Like HowStuffWorks on Facebook!

The D-Day Invasion: January 1944-July 1944


World War II Timeline: February 7, 1944-February 15-20, 1944

In February 1944, World War II witnessed the heaviest bomb dropped thus far -- and the most intense bombing raid. Summaries of these and other war highlights appear in the timeline that follows.

World War II Timeline: February 7-February 20

February 7: The first U-boat outfitted with a Schnorkel, which allows delivery of outside air to the submerged ship, becomes operational.

February 8: The RAF drops the heaviest bomb of the war thus far, six tons, on the Gnome-et-Rhone aircraft engine manufacturing facility in Limoges, France.

February 9: Dr. George Bell, Bishop of Chichester, questions the necessity of bombing raids against German targets in a speech before the House of Lords. His concerns are rebuffed.

February 10: The Allies are told that Hungary might offer its unconditional surrender, provided that the Soviet Union is not represented at the ceremony.

February 10-11: Nazi Germany's prized battleship Tirpitz once again survives an attempt on its life, this time by the Soviet Union air force.

February 12: Wary of men in his own inner circle who would like to see him dead, Hitler merges the SD (political foreign intelligence organization) and the Abwehr (German military intelligence organization).

February 15: The historic monastery at Monte Cassino in Italy is bombed by the Allies in an effort to root the Germans from their strategically superior hilltop post. Though the monastery is destroyed, the Germans tenaciously hold the hill.

February 15-16: In the most intense raid to date, more than 800 Allied bombers rain destruction on Berlin.

February 15-20: New Zealand takes Green Island in the eastern Solomons, winning an important forward air base.

World War II Headlines

Check out the stories and image below for more World War II news from early 1944, including a U.S. carrier attack on Truk Island and details on "Merrill's Marauders."

U.S. bombards Kwajalein in the Marshall Islands: GIs of the Seventh ("Hourglass") Division manhandle a gun forward during fighting on Kwajalein in the Marshall Islands. A model amphibious operation, the landing on February 1 was preceded by a naval, air, and artillery bombardment so intense that "the entire island looked as if it had been picked up to 20,000 feet and then dropped," said a witness. Initial U.S. casualties were light, but resistance stiffened on the third day. The island, with its valuable anchorage and airfield, was secured the following day. GI casualties included 142 killed and 854 wounded. Japanese casualties included 4,938 killed and 206 captured.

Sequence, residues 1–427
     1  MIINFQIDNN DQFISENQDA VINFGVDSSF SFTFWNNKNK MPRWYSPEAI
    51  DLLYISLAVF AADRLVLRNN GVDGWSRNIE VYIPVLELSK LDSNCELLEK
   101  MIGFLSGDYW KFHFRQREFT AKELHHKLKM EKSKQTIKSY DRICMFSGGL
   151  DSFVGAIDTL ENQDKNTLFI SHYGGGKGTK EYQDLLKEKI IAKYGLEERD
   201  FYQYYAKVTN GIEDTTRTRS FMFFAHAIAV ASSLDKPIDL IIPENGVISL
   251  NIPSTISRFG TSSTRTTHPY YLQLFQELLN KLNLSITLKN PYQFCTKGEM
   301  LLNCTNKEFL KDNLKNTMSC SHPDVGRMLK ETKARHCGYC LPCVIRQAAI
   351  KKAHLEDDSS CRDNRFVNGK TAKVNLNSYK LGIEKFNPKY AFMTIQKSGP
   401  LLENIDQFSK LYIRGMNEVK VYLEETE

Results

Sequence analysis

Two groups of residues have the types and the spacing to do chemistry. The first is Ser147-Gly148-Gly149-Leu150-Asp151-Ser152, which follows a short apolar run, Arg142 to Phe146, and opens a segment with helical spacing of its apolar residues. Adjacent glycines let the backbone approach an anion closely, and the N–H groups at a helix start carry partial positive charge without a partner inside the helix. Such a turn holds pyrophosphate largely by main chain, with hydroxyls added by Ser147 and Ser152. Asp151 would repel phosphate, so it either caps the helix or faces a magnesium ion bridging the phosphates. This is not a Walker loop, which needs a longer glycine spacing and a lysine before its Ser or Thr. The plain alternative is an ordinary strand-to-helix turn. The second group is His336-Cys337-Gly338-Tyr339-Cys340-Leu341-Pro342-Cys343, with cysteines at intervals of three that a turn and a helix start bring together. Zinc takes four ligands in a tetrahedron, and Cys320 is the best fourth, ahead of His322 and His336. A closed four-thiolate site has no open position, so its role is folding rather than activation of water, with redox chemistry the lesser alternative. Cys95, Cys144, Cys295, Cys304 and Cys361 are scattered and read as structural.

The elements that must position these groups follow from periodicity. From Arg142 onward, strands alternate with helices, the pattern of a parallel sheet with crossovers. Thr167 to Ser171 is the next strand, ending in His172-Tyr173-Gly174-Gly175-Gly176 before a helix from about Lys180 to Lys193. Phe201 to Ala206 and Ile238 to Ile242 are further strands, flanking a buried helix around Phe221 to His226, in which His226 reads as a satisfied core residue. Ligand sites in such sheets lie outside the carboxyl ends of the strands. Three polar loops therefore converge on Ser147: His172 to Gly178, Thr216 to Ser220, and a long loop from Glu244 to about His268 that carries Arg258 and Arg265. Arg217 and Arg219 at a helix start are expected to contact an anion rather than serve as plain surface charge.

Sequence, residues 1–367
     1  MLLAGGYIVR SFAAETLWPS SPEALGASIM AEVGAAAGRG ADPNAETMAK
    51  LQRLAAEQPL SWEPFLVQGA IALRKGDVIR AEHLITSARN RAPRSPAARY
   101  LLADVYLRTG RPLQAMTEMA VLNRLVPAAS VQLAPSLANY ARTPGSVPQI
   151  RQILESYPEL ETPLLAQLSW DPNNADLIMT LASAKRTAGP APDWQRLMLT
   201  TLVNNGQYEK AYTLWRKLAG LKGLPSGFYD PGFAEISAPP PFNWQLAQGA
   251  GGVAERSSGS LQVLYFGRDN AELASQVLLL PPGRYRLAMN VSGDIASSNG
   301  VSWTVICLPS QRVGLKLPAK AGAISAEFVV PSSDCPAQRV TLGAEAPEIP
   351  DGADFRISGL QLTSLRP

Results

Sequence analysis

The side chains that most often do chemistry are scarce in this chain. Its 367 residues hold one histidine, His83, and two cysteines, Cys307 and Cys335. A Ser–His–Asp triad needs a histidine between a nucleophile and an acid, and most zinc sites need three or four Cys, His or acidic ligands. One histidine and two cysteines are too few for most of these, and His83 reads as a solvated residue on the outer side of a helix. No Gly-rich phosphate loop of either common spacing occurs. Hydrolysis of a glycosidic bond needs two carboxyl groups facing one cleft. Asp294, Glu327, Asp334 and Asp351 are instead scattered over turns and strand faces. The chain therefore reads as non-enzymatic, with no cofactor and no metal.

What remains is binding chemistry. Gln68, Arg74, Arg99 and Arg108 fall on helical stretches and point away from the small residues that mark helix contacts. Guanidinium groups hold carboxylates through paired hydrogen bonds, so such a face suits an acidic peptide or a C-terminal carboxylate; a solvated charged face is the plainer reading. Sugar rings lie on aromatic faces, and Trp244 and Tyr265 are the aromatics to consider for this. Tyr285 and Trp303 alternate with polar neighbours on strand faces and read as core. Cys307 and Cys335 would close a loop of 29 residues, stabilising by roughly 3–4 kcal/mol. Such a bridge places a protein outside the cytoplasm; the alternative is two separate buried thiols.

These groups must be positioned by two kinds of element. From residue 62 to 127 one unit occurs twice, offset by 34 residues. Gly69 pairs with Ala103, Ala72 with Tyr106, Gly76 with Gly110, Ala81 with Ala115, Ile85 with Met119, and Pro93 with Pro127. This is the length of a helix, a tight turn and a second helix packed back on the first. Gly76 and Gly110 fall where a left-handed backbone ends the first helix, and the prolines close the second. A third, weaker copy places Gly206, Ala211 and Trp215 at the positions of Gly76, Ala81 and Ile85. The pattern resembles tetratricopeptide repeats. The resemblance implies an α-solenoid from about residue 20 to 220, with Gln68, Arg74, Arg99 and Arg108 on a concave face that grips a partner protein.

American "Merrill's Marauders" Special Forces unit formed to operate in Burma: In late 1943, 2,900 American servicemen responded to a presidential call for volunteers for hazardous duty. They formed a Special Forces unit (partly modeled on Orde Wingate's British "Chindits") to operate behind Japanese lines in Burma. "Merrill's Marauders" -- named after their leader, Brigadier General Frank Merrill -- began disrupting Japanese communications and supply lines in February 1944. In five major engagements and many skirmishes, they defeated veteran Japanese soldiers, who greatly outnumbered them. The highly successful Marauders lost 700 men. Nearly that many, including Merrill, had to be hospitalized.

Raids devastate Japanese at Truk Island: Japanese "Jill" torpedo bomber attacks through a hail of anti-aircraft fire during a U.S. carrier attack on Truk Island. As the principal Japanese fleet base in the Pacific, Truk was subjected to repeated U.S. carrier raids. One of the most devastating took place on February 17 and 18, 1944, in conjunction with the Marshall Islands operation. The attack destroyed 250 to 275 enemy aircraft and sank nearly 40 ships of various types. The raids so devastated enemy capabilities at Truk that Admiral Nimitz abandoned plans to invade the island with five U.S. divisions. The once potent enemy bastion was simply bypassed.

Raids devastate Japanese at Truk Island: Japanese "Jill" torpedo bomber attacks through a hail of anti-aircraft fire during a U.S. carrier attack on Truk Island. As the principal Japanese fleet base in the Pacific, Truk was subjected to repeated U.S. carrier raids. One of the most devastating took place on February 17 and 18, 1944, in conjunction with the Marshall Islands operation. The attack destroyed 250 to 275 enemy aircraft and sank nearly 40 ships of various types. The raids so devastated enemy capabilities at Truk that Admiral Nimitz abandoned plans to invade the island with five U.S. divisions. The once potent enemy bastion was simply bypassed.

Get daily World War II highlights of the second half of February 1944 in the next section of this article.

For more timelines and information on World War II events, see:


More to Explore